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We all know that $\displaystyle \sum_{n=1}^{\infty} \frac{1}{n^s}$ converges for $s>1$ and diverges for $s \leq 1$ (Assume $s \in \mathbb{R}$).

I was curious to see till what extent I can push the denominator so that it will still diverges.

So I took $\displaystyle \sum_{n=2}^{\infty} \frac{1}{n\log n}$ and found that it still diverges. (This can be checked by using the well known test that if we have a monotone decreasing sequence, then $\displaystyle \sum_{n=2}^{\infty} a_n$ converges iff $\displaystyle \sum_{n=2}^{\infty} 2^na_{2^n}$ converges).

No surprises here. I expected it to diverge since $\log n$ grows slowly than any power of $n$.

However, when I take $\displaystyle \sum_{n=2}^{\infty} \frac{1}{n(\log n)^s}$, I find that it converges $\forall s>1$.

(By the same argument as previous).

This doesn't make sense to me though.

If this were to converge, then I should be able to find a $s_1 > 1$ such that

$\displaystyle \sum_{n=2}^{\infty} \frac{1}{n^{s_1}}$ is greater than $\displaystyle \sum_{n=2}^{\infty} \frac{1}{n (\log n)^s}$

Doesn't this mean that in some sense $\log n$ grows faster than a power of $n$?

(or)

How should I make sense of (or) interpret this result?

(I am assuming that my convergence and divergence conclusions are right).

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They are right. You don't seem to have completed one of your sentences: "if this were to converge, then I should be able to find a s_1 > 1 such that"...? –  Qiaochu Yuan Nov 11 '10 at 21:24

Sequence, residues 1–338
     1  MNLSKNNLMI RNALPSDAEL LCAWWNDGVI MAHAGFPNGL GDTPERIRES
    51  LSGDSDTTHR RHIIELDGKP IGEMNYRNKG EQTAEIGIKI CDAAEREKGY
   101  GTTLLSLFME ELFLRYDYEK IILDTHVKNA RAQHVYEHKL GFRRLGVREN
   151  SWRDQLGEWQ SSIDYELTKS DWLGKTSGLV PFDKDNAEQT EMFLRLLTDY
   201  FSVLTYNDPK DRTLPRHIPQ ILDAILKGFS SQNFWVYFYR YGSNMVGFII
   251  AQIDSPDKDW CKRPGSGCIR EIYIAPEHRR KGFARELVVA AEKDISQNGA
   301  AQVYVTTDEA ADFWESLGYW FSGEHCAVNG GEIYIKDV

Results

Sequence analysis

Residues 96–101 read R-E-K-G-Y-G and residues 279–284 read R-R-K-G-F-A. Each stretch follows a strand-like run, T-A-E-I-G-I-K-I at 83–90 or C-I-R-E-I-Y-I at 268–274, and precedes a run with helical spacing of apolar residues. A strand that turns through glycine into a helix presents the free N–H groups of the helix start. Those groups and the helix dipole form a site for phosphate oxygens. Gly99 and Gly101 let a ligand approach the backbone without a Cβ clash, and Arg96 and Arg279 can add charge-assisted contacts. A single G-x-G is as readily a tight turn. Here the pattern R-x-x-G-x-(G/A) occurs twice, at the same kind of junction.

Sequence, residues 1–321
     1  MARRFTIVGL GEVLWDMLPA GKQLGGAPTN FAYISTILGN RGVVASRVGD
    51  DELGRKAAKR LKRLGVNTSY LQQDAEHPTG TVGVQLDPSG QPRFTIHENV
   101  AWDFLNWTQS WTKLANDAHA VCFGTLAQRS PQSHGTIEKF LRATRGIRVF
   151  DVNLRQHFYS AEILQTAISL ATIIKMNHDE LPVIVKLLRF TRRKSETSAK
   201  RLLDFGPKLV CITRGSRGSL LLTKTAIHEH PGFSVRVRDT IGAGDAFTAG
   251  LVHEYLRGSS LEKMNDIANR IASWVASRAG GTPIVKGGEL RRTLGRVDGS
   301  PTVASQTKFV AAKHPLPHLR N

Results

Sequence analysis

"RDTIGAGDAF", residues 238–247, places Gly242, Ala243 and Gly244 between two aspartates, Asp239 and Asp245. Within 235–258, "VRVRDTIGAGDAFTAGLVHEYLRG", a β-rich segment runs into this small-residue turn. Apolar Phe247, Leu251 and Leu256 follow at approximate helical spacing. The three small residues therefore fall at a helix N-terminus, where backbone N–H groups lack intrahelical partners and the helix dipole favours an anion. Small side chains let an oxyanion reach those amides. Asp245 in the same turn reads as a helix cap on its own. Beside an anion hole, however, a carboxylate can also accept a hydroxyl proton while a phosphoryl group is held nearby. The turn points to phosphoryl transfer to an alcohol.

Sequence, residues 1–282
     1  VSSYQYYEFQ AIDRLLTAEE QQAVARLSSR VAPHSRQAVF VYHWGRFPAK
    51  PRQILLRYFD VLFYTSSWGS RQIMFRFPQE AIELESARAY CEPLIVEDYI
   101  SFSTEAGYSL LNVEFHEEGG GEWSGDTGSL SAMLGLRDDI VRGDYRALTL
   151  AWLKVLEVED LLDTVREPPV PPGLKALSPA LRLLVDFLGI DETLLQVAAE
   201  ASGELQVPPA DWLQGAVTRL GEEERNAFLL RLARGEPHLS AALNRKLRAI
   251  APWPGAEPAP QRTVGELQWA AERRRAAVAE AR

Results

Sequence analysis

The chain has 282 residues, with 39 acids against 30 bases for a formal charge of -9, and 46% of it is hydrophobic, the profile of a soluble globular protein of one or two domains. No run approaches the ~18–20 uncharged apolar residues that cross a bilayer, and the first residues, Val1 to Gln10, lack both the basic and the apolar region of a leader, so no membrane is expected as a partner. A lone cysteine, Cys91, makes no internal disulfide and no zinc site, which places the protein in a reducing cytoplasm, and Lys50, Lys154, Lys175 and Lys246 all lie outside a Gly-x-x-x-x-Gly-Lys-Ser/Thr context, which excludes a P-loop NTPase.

There seems to be some bug with this. It doesn't display the entire thing. –  user17762 Nov 11 '10 at 21:25
    
@Sivaram: Yes even i tried editing it, and it still has not worked –  anonymous Nov 11 '10 at 21:27
    
There seems to be a bug/feature! when dealing with <. Probably confusion with html tags. Sivaram, please use \log n instead of just logn. –  Aryabhata Nov 11 '10 at 21:32
    
@ Chandru and Moron: Thanks for editing it. Now it looks fine. –  user17762 Nov 11 '10 at 21:33
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3 Answers

up vote 8 down vote accepted

Yes $\displaystyle \sum_{n=2}^{\infty} \dfrac{1}{n (\log n)^s}$ is convergent if $\displaystyle s > 1$, we can see that by comparing with the corresponding integral.

As to your other question, if

$\displaystyle \sum_{n=2}^{\infty} \frac{1}{n^{s_1}}$ is greater than $\displaystyle \sum_{n=2}^{\infty} \frac{1}{n (\log n)^s}$